Every time I open this notebook I look at my name, written on the first page. I’m pleased with my plain writing, not too tall, tilting in one direction, which unmistakably reveals my age. I’m forty-three, although, when I think of it, I can’t convince myself it’s true. Other people, seeing me with my children, are also surprised and always pay me compliments that make Riccardo and Mirella smile awkwardly. Anyway, I’m forty-three, and it seems embarrassing to resort to childish subterfuge in order to write in a notebook. So I absolutely have to confess to Michele and the children the existence of this diary and assert my right to shut myself in a room to write when I want to. I acted foolishly from the start and if I continue I’ll aggravate the impression I have that in writing these innocent lines I’m doing something wrong. It’s all absurd. And yet I have no peace in the office, either. If my boss keeps me late, I’m afraid that Michele will get home before me and, for some unpredictable reason, dig among the old papers where I hide the notebook. So I often come up with an excuse not to stay, thus losing some overtime pay. I go home extremely anxious; if I spy Michele’s coat hanging in the entrance, my heart skips a beat and I go into the dining room afraid I’ll see him holding the shiny black of the notebook. If I find him talking to the children, I think the same: that he might have found it and is waiting until we’re alone to discuss it. It always seems to me that at night he closes the door of our room with special care, checking the click of the latch. “Now he’ll turn to me and speak.” But he says nothing, and I’ve noticed that he always closes the door like that, because he’s meticulous by habit.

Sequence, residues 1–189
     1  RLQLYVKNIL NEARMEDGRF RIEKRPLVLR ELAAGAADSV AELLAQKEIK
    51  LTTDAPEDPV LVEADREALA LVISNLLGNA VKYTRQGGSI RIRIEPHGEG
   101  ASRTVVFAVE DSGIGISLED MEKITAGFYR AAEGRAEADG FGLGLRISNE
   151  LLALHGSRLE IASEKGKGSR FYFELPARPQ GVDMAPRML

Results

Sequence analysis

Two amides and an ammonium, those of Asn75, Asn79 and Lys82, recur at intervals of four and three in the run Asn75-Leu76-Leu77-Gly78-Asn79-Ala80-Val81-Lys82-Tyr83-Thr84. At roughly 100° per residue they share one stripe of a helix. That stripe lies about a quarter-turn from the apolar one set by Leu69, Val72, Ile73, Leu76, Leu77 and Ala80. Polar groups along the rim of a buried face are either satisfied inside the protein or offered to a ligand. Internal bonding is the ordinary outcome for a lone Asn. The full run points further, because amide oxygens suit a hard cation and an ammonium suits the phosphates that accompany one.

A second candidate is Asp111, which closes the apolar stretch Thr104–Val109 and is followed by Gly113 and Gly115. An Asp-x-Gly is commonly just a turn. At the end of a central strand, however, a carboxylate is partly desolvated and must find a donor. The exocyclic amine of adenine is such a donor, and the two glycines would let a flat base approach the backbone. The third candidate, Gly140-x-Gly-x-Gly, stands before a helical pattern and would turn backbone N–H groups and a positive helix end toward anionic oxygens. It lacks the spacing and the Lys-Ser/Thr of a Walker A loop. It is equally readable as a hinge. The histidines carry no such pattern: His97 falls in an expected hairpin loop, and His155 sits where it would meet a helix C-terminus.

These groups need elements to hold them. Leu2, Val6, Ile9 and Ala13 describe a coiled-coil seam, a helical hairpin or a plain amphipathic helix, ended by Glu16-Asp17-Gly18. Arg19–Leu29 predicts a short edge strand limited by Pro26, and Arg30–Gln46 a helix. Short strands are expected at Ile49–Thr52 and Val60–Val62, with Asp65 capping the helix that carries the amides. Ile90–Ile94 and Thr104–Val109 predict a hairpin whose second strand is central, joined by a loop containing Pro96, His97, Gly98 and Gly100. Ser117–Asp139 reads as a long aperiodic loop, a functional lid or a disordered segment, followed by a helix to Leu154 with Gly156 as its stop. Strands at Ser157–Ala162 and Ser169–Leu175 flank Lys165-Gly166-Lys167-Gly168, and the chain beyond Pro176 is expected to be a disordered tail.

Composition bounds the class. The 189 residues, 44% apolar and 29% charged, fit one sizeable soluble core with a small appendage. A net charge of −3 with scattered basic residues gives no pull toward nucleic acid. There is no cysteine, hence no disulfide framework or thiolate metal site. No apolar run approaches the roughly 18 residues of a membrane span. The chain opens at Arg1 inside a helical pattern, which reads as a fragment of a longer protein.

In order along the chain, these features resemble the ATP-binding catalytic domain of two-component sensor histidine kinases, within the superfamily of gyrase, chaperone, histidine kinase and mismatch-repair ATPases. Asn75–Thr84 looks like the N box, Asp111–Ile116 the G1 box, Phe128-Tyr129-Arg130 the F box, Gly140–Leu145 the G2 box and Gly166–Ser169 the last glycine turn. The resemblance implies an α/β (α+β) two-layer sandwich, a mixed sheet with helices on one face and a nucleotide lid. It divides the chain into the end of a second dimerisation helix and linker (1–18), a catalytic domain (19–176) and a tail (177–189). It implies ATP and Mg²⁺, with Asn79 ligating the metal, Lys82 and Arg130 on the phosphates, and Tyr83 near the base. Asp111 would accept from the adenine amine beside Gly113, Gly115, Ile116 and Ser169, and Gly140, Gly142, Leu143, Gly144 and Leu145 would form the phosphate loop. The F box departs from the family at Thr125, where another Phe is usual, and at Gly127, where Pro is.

Two days ago Michele phoned me in the office and I immediately feared that he had gone home for some reason or other and found the notebook. As I answered, I froze. “Listen, I have to ask you something … ” he began. For a few seconds I wondered breathlessly whether to declare my right to have as many notebooks as I want and write whatever I feel like or, instead, beg him: “Michele, understand, I know I’ve done wrong … ” But he only wanted to find out if Riccardo had remembered to pay his university fees, because the deadline was that day.